Here is a record that succeeds in giving an increasing sterile music scene a good kick...
Catherine Chambers 2002
Famed for their aesthetically-pleasing haircuts as much as their hammed-up art-rock histrionics The Cooper Temple Clause have, since their inception in the late 90s, been kept under close surveillance by beady-eyed music hacks desperately seeking the next 'saviours of British rock'. And while the Reading lads debut album, See Through This And Leave, didn't quite crack its way into the best debuts of all time it left few in doubt that here was a band capable of producing something truly great.
To cut to the chase then, is Kick Up The Fire... that something? Well yes and no. Here is a record that succeeds in giving an increasing sterile music scene a good kick up the ass. However, there are more than a few moments where it veers dangerously close to disappearing up its own introspective derriere.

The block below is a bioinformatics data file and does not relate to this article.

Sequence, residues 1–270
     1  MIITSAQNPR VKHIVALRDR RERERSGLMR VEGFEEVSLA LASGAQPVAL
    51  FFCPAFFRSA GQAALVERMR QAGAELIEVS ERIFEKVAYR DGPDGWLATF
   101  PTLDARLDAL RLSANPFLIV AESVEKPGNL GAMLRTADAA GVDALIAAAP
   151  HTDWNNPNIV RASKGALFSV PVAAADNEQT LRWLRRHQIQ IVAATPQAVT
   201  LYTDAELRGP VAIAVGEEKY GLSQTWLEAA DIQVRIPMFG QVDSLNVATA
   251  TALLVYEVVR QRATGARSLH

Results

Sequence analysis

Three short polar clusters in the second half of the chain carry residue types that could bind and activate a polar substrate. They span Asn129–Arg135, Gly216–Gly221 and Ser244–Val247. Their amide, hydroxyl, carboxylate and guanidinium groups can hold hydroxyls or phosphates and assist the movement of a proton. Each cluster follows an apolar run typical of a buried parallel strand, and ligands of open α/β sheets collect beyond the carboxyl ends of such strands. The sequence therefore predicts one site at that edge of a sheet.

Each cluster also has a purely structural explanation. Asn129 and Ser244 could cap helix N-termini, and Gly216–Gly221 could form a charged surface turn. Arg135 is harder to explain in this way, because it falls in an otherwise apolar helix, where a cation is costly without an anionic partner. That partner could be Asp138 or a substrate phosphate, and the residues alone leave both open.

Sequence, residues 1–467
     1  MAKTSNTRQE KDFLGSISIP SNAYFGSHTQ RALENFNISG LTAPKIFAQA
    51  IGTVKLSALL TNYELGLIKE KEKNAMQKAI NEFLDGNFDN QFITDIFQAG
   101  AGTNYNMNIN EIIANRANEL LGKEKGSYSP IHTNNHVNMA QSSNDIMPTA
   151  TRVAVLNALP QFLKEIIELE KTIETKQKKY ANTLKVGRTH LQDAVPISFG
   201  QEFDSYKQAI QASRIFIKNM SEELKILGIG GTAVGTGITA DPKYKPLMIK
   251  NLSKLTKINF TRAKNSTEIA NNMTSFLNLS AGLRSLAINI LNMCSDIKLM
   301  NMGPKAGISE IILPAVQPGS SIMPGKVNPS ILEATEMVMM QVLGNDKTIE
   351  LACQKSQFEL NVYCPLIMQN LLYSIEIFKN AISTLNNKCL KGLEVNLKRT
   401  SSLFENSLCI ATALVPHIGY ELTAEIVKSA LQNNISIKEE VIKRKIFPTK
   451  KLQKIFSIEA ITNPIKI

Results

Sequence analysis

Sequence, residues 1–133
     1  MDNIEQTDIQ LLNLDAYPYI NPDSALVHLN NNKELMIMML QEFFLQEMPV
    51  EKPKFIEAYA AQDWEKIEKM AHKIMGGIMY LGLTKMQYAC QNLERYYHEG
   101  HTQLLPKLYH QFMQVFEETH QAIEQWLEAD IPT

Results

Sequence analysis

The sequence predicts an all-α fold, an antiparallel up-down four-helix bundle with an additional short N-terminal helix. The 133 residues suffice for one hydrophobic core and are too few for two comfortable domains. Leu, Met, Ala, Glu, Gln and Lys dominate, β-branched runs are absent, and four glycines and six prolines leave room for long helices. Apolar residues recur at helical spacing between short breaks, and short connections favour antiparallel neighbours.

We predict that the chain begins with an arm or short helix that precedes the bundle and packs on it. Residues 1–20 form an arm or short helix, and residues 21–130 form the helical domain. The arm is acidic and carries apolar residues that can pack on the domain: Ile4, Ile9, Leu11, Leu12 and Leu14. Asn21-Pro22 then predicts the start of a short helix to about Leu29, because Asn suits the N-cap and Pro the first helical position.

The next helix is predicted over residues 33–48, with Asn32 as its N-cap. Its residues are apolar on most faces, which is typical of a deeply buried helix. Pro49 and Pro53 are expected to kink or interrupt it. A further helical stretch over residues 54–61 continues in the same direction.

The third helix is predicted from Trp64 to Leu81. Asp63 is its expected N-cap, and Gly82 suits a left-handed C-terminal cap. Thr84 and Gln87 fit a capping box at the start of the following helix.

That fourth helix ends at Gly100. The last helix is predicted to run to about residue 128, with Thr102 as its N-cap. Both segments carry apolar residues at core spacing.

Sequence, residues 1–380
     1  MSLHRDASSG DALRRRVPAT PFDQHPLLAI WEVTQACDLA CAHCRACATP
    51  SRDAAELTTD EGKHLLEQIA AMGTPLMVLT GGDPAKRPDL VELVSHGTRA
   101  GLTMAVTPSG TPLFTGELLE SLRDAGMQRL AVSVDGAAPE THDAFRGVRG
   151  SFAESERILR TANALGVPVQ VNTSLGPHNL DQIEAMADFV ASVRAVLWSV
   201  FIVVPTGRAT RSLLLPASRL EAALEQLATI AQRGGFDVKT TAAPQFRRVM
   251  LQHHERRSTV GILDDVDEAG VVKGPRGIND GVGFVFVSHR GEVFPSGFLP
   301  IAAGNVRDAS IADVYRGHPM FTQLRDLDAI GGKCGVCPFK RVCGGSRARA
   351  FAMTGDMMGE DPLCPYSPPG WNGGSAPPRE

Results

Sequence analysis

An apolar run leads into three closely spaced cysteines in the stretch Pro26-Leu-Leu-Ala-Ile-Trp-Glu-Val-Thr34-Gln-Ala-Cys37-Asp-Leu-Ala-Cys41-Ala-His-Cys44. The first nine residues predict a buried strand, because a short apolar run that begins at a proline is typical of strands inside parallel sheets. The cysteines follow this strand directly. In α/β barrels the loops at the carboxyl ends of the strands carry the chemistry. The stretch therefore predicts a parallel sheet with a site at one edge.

The Coopers second album kicks off with brooding "The Same Mistakes", a quietly menacing song that sets the foreboding tone that pervades the majority of the record. This is followed by the stupendous sonic whirl-wind "Promises Promises". All menacing riffs and paranoid vocals 'I think there's gonna be some action cos it's got me going insane' cries Ben Gautrey before cacophonous riffs collide with fiery intensity.
Elsewhere the record rarely evokes a sense of 'letting the flames break loose'. TCTC seem caught between electro-infused prog rock indulgence and thumping guitar rock. Unfortunately there just isn't enough of the latter. Kick Up The Fire jumps between restrained moodiness ("Into My Arms") and metallic bursts of kinetic energy ("A.I.M"). While it's only a matter of time before the curse of Radiohead strikes again -see the monochrome miserablism of "Talking To A Brick Wall".
Quite frankly this record is a perennial head-f*** that is liable to lapse into schizophrenic episodes at any given moment. Depending on the mood you're in you'll either rejoice in aural exhilaration of it all or throw it at the wall in exasperation.
Kick Up The Fire... is an interesting record but, as self-indulgent swansong "Written Apology" confirms, it's too cold, clinical, and self-obsessed to warrant your absolute devotion.